Neurofibromatosis pedigree, 1918
Eugenicists made early contributions to our understanding of some genetic disorders by constructing pedigrees of affected families. (DNAi location: Chronicle > Threat of the Unfit > The fit and unfit)
- ID: 15805
- Source: DNALC.DNAi
Neurofibromatosis pedigree. Many of the traits studied at the ERO have little genetic basis. Charles Davenport did effectively described neurofibromatosis, a genetic disorder, in 1918.
Using pedigree charts, eugenicists gave the impression that vague behaviors, such as scholarship, are well-established genetic traits.
While there are many reasons to doubt how eugenicists constructed pedigrees, the notion that feeblemindedness was rampant in some families provided the social rationale for sterilization.
James Watson examines a family pedigree in which many suffer from mental disorders.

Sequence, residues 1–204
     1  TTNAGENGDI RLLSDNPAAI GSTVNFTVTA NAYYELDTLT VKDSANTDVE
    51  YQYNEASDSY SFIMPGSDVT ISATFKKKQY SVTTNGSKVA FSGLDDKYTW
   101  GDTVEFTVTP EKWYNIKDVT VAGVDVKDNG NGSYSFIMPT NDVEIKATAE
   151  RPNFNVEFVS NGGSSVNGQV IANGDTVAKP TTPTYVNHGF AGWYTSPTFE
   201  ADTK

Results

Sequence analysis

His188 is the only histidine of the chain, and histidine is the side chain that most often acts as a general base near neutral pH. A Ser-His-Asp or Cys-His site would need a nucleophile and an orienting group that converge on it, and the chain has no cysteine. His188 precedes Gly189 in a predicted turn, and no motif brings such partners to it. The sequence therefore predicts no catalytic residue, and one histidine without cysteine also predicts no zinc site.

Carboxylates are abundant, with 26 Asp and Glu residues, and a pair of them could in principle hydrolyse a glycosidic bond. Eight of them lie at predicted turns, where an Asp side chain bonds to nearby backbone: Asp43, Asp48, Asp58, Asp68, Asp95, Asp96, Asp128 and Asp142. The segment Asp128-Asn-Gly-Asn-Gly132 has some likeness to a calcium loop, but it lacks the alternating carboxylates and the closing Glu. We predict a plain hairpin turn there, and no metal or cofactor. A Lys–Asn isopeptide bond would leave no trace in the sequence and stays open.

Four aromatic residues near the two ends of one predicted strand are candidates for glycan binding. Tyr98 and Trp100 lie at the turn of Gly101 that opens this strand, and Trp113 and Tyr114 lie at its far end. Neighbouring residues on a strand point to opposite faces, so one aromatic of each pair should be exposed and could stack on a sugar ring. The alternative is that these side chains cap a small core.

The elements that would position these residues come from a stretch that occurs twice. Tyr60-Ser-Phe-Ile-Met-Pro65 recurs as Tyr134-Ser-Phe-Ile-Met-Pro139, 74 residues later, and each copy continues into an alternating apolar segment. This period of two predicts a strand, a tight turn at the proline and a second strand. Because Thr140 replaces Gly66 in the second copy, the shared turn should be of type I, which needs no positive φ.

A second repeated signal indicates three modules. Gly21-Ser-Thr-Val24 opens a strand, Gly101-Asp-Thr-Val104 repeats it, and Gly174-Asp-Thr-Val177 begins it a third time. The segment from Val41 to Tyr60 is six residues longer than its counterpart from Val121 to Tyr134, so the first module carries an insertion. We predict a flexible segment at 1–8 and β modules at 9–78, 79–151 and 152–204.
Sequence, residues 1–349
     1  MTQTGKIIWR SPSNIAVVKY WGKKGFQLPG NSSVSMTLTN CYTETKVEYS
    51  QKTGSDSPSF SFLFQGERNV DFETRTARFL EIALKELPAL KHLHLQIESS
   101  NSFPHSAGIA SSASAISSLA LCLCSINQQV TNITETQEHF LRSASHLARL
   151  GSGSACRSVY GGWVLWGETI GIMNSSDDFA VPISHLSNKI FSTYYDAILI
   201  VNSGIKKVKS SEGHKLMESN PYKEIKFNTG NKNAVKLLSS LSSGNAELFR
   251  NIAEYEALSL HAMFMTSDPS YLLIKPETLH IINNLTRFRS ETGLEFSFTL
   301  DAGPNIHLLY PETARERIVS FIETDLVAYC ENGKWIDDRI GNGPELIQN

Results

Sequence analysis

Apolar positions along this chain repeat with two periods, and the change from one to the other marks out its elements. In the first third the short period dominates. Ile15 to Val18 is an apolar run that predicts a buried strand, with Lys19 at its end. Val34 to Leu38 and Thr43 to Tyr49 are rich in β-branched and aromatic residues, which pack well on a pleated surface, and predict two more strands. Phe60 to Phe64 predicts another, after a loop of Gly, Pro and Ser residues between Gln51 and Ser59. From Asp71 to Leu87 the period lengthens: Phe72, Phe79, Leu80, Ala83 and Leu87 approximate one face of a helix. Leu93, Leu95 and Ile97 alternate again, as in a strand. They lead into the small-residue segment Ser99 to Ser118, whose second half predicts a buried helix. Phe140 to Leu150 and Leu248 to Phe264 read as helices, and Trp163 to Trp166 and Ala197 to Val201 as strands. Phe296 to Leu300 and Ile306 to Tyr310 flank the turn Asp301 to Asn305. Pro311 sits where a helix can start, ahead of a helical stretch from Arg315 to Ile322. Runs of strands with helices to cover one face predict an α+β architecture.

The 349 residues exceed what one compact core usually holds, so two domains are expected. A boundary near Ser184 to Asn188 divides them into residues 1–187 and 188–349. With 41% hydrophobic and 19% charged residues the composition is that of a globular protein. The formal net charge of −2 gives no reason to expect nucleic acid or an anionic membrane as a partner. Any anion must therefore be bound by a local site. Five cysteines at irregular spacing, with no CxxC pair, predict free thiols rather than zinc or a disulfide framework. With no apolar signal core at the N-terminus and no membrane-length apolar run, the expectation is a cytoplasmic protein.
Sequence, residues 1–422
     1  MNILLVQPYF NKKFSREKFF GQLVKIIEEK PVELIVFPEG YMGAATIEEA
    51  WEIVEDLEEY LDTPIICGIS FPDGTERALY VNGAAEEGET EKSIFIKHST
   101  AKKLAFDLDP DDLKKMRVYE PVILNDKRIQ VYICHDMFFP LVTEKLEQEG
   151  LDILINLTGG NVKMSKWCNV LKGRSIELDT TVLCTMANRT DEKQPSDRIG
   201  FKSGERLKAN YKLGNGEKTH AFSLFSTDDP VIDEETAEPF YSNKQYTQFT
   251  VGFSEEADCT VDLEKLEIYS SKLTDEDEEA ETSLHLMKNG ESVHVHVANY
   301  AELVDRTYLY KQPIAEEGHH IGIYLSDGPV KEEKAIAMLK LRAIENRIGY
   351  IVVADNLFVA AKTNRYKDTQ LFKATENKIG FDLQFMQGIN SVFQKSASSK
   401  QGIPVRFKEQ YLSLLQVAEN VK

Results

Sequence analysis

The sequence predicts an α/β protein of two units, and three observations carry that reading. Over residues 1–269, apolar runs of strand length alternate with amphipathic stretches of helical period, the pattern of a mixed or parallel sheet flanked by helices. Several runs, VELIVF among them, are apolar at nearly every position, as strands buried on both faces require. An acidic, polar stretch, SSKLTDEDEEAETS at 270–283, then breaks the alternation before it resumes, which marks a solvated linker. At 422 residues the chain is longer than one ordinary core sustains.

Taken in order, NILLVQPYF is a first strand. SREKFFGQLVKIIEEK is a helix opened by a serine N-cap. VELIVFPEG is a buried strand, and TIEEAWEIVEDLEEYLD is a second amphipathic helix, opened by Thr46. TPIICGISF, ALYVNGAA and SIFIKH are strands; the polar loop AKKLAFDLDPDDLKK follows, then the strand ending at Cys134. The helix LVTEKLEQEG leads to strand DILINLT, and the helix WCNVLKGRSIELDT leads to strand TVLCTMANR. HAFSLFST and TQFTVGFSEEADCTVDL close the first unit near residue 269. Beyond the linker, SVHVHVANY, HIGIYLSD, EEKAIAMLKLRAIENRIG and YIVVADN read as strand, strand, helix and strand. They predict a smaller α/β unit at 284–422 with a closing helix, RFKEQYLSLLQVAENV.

Hemophilia, a sex-linked genetic disorder, can be traced through the descendents of Queen Victoria of England.
In general, eugenicists were lax in defining the criteria for measuring many of the "traits" they studied, and they were too quick to force their data to fit into simple Mendelian templates.
Deborah Kallikak was studied by eugenicists as a "feebleminded" individual in an Institution in New Jersey.
James Watson talks about methods used by Davenport and the Eugenics Record Office.
James Watson talks about how early studies in human genetics related to the eugenics movement.